Our Weird World: The Etruscans

We’re headed abroad on this beautiful Friday as we check out the Etruscans.

I like studying ancient history, but more than that, I like the mysterious stuff. You know, the legends about Atlantis, Flood stories, and the oddities that ancient people left behind when they died out or, in some cases, vanished. I’ve even written a post about that, concerning the Moon-eyed People and a few North American mythologies.

Standing out in the crowd of relatively mysterious ancient people are the Etruscans.

Now, they’re a little different. They didn’t disappear mysteriously; rather, they assimilated into the Roman culture. That isn’t weird, because it’s happened a lot in history. Tuscany takes its name from Tusci, which is what the Romans called the Etruscans. Etruscan words are a part of the Latin alphabet. The Etruscans are pre-Roman and share some deities with the Greeks. None of that is out of the ordinary. We can say where they went and what happened to them.

The real weirdness comes when you realize that the Etruscans seem to have appeared mysteriously.

And, even for the time in which they lived, they don’t seem to have fit in. Their language is markedly different from either Greek or Roman (when Anglicized). Their name for themselves was Rasenna, which later became Rasna. We don’t even know what that means, and no one can read the language anymore, which was itself pretty unique, in the Tyrsenian language group.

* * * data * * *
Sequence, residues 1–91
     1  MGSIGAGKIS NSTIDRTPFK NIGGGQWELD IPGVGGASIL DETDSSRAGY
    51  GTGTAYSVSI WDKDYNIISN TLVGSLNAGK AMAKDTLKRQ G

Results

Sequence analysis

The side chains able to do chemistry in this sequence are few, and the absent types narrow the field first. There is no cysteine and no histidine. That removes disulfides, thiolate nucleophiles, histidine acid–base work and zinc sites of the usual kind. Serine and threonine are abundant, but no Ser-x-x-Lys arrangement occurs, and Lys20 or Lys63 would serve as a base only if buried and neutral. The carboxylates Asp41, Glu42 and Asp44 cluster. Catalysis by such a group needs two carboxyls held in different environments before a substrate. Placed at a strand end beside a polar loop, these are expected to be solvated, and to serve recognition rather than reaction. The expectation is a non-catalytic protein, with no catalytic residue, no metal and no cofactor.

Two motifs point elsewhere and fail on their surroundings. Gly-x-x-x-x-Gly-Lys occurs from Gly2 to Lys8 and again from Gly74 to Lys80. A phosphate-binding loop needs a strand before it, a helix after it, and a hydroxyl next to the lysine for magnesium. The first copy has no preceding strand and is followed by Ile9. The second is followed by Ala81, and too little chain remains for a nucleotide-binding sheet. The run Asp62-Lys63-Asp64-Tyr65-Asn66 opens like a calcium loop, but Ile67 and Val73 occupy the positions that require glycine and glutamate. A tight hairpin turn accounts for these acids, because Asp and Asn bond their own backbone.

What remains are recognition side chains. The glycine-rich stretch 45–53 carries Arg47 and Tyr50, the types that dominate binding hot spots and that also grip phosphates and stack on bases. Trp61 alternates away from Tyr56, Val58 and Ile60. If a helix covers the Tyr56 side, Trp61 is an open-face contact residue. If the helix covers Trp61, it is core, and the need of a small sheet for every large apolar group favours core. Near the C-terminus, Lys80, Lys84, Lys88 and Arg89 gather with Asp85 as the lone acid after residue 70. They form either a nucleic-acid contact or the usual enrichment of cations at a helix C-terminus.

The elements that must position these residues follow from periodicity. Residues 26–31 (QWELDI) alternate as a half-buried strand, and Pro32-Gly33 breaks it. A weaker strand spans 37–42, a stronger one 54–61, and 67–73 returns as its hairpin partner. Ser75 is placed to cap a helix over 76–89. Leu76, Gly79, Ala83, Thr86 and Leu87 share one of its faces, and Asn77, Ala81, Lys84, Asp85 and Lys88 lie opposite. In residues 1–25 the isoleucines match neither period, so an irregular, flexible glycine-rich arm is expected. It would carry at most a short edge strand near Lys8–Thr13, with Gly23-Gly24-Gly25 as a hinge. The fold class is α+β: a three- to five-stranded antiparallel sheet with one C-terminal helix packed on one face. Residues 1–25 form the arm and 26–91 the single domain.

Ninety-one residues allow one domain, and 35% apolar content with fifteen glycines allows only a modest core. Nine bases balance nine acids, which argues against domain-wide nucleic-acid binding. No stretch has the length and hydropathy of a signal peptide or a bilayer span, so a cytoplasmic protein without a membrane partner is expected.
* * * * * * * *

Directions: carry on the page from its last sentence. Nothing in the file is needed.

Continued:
The knowledge actually gained about the Etruscans is only from tombs and the stuff in them. It’s somewhat apparent that, as far as families go, who your mom was had as much importance as who your dad was. It was fine for women to associate with mixed company. The root difference between the Etruscan culture and the Roman culture is just so marked.

So who were they? what were they like? Perhaps the Etruscans were completely boring, but the fact that we simply do not know is what makes them all the more fascinating.

And that is why mysteries make our world even more interesting.


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